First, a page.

In Brazil so far, there have been eight World Cup-related deaths. But compared to Qatar, the government has been much more responsive in addressing the problem, says Andrees, who just returned from a monitoring visit to the country. “Its inspection programs have identified the issue and prevented it from becoming a major disaster.”

 Additionally, the Brazilian government has compiled a so-called ‘dirty list’ that publicly identifies companies using slave labor. Employers on the list will be banned from government contracts.

A group of 400 private companies have committed to boycott such “dirty companies” as part of a pact against the use of slave labor, says Andrees. “It’s a very effective system that shows the seriousness of the Brazilian government…. It could serve as a model for neighboring countries, such as Peru and Paraguay.”

The government’s best intentions have not been enough to sway the Brazilian people, though. The run up to the World Cup has been bogged down by massive street protests against corruption, the poor quality of public services, and the unequal distribution of profits. In an interview with German magazine Sport Bild, Brazilian football legend Pele has called the preparations “a disgrace,” blaming “the evil people who have stolen all the money.”
不过,仅凭政府的善意还不足以支配巴西人民的行为。针对腐败、劣质公共服务和利润分配不均的大规模街头抗议等问题,已经让世界杯准备工作陷入了泥沼。巴西足球传奇人物贝利在接受德国杂志《体育图片报》(Sport Bild)采访时,巴西足球传奇人物贝利声称,世界杯准备工作“丢人现眼”,他指责“邪恶的人偷走了所有的钱。”

The public backlash has rained on Brazil’s $14 billion parade even before it has started, says Cornell’s Casanova. “If Brazil has one common religion, it is soccer. Yet the latest surveys show that more than half of the population is against the World Cup. The consensus is broken.”

The street protests are especially challenging for Brazil’s ambitions to present itself as an alternative model for economic growth, says Casanova. “Brazil has a system of state capitalism, something in between China and the United States, where the central government has intervened in a number of ways to make society more equal. It has worked for years, but now even the elites are complaining about corruption and inequality.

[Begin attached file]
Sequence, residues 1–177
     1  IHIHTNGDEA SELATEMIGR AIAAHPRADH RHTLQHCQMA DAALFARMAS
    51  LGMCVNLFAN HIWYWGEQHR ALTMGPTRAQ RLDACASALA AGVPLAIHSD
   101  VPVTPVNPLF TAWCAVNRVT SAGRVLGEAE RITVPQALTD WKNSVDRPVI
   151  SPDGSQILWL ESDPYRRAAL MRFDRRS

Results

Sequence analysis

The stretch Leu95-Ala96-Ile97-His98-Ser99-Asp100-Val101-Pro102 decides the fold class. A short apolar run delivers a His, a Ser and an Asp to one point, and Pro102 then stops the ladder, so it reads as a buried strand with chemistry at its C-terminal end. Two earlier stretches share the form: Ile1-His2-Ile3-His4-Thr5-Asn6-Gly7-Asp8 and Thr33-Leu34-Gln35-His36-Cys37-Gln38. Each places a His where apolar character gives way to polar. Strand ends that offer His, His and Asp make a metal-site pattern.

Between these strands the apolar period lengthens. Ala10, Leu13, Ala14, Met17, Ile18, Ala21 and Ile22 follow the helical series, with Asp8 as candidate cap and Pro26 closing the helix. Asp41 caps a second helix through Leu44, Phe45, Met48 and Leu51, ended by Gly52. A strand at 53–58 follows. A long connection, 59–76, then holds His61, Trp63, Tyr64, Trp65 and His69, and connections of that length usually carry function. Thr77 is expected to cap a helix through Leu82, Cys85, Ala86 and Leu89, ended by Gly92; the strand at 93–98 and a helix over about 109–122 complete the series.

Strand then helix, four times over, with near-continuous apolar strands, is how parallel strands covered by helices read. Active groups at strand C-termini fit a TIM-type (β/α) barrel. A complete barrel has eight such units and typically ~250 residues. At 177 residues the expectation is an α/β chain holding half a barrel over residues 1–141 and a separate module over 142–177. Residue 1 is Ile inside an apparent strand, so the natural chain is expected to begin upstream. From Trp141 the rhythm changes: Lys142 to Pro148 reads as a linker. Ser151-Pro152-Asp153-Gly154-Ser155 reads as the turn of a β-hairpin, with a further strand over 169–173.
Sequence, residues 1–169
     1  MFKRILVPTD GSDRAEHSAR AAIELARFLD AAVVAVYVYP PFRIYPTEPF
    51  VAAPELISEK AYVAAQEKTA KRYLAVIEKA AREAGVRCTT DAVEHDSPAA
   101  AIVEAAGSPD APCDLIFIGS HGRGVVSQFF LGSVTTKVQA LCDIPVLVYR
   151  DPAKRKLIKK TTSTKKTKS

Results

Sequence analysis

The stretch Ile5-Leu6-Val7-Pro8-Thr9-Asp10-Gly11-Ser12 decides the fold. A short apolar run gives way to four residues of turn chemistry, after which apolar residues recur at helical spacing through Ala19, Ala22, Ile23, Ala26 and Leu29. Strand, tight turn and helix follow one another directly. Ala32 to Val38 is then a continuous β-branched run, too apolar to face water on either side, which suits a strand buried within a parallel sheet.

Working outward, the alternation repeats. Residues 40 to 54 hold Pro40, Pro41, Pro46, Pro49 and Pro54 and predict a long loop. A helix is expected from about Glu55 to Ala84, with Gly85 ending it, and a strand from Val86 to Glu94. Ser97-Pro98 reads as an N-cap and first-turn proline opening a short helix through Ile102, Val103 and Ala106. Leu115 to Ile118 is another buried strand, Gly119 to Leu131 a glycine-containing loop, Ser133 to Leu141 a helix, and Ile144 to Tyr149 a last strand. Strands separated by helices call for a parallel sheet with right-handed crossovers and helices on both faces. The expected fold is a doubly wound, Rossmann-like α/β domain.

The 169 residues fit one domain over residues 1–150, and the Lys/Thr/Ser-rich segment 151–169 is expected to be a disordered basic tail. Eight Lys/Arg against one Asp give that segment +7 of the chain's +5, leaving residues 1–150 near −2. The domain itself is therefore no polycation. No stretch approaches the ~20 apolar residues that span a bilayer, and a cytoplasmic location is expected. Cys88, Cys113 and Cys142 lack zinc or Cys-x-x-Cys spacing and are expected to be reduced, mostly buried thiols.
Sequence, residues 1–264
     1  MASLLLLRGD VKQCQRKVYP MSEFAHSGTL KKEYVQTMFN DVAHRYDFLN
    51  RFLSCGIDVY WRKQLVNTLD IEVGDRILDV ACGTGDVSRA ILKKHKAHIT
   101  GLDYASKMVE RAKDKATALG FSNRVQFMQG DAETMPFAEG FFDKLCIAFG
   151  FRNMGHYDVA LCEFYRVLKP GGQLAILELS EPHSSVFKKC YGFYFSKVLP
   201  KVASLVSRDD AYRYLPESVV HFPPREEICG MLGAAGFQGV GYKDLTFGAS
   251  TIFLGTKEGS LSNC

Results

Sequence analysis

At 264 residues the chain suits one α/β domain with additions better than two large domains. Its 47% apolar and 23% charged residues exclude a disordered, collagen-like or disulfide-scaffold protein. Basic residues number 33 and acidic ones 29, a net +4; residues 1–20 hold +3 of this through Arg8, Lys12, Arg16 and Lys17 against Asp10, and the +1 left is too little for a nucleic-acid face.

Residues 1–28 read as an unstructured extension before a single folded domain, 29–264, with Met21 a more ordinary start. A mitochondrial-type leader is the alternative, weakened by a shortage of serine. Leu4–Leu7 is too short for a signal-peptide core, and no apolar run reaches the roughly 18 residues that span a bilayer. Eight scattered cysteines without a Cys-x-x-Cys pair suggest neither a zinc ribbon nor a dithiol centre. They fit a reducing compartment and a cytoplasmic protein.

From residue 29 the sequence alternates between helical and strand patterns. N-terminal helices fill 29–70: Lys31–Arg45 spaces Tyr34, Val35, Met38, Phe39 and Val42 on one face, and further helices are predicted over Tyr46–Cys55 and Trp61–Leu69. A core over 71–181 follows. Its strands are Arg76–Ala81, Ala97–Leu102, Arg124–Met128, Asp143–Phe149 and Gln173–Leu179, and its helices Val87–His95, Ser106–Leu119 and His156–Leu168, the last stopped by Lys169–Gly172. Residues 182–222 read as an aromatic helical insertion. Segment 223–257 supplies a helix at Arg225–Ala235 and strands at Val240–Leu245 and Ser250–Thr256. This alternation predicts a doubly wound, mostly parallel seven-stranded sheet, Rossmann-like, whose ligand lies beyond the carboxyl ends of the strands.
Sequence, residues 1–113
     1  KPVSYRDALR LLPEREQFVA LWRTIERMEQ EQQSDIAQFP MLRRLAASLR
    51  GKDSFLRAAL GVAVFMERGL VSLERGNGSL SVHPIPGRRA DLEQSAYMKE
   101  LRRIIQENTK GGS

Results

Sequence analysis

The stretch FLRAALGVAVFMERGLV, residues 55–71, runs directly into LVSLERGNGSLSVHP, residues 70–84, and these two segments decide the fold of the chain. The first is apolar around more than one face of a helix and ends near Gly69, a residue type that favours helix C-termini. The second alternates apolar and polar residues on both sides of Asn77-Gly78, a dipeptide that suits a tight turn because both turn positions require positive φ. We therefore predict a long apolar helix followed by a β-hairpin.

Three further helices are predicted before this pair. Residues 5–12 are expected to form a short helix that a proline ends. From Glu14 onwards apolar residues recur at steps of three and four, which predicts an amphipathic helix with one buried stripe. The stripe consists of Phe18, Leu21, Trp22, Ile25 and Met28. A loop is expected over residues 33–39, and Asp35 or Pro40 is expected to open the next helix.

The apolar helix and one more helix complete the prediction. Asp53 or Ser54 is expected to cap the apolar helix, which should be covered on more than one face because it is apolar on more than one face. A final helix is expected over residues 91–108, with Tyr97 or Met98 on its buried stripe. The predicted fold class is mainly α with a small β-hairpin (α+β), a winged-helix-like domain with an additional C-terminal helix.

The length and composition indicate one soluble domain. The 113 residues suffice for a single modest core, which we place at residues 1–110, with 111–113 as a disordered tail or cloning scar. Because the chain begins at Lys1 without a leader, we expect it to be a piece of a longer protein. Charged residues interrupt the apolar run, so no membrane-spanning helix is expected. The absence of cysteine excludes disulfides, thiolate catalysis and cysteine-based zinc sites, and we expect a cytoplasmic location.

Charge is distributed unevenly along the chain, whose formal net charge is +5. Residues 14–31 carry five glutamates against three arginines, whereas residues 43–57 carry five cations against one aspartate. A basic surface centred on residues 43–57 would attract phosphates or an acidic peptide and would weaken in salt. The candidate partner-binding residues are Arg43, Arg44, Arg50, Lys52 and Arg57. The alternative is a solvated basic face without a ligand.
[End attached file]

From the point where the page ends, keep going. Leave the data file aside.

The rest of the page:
Controversy aside, the event is certainly not doomed to fail, says Gustavo Koniszczer, managing director at branding firm FutureBrand, which compiles a Country Brand Index. “Yes, the Brazilian government should do a better job explaining the benefits, and yes, under these circumstances that is not going to be easy. But at least people are talking, which is a good starting point for correcting misconceptions and changing the narrative. It’s much harder to address the problem if nobody pays attention.”
撇开争议不谈,这届世界杯肯定不是已经注定了要失败的命运,以编撰国家品牌指数(Country Brand Index)著称的未来品牌战略咨询公司(FutureBrand)执行董事古斯塔沃o康尼斯奇泽尔这样说道。“是的,巴西政府应该更好地解释举办世界杯的好处。没错,在目前这种情况下,这并不是一件容易做到的事情。但至少人们正在谈论讨论这件事,就纠正错误观念,、改变叙事方式而言,这是一个很好的起点。要是没有人关注,解决问题的难度就会大得多。”

From an international point of view, Brazil is already enjoying some of the positive effects of organizing the World Cup, says Koniszczer. In the 2013 Latin American version of the Country Brand Index, Brazil ranks first, after Argentina and Costa Rica. The impact will only increase as the country prepares for the Olympics. “It pretty much guarantees that Brazil will be on everybody’s mind until the end of 2016.”

Such massive publicity will particularly benefit tourism, says Casanova, who is originally from Barcelona, host of the 1992 Olympics. “That event changed the image of my country completely. Before the games, Spain still had trouble profiling itself as a vacation spot. Now, it is one of the top destinations in the world.”